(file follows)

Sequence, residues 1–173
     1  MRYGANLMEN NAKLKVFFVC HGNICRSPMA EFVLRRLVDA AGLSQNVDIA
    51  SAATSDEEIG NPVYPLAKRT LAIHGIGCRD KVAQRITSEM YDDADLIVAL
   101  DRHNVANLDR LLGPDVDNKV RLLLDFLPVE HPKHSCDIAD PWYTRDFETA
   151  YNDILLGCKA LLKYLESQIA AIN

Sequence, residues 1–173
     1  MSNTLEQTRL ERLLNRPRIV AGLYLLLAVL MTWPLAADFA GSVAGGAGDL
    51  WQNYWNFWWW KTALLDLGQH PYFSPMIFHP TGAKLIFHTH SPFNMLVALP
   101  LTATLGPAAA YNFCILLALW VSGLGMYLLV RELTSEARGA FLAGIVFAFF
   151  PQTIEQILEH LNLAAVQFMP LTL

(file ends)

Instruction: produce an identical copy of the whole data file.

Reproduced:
Sequence, residues 1–173
     1  MRYGANLMEN NAKLKVFFVC HGNICRSPMA EFVLRRLVDA AGLSQNVDIA
    51  SAATSDEEIG NPVYPLAKRT LAIHGIGCRD KVAQRITSEM YDDADLIVAL
   101  DRHNVANLDR LLGPDVDNKV RLLLDFLPVE HPKHSCDIAD PWYTRDFETA
   151  YNDILLGCKA LLKYLESQIA AIN

Sequence, residues 1–173
     1  MSNTLEQTRL ERLLNRPRIV AGLYLLLAVL MTWPLAADFA GSVAGGAGDL
    51  WQNYWNFWWW KTALLDLGQH PYFSPMIFHP TGAKLIFHTH SPFNMLVALP
   101  LTATLGPAAA YNFCILLALW VSGLGMYLLV RELTSEARGA FLAGIVFAFF
   151  PQTIEQILEH LNLAAVQFMP LTL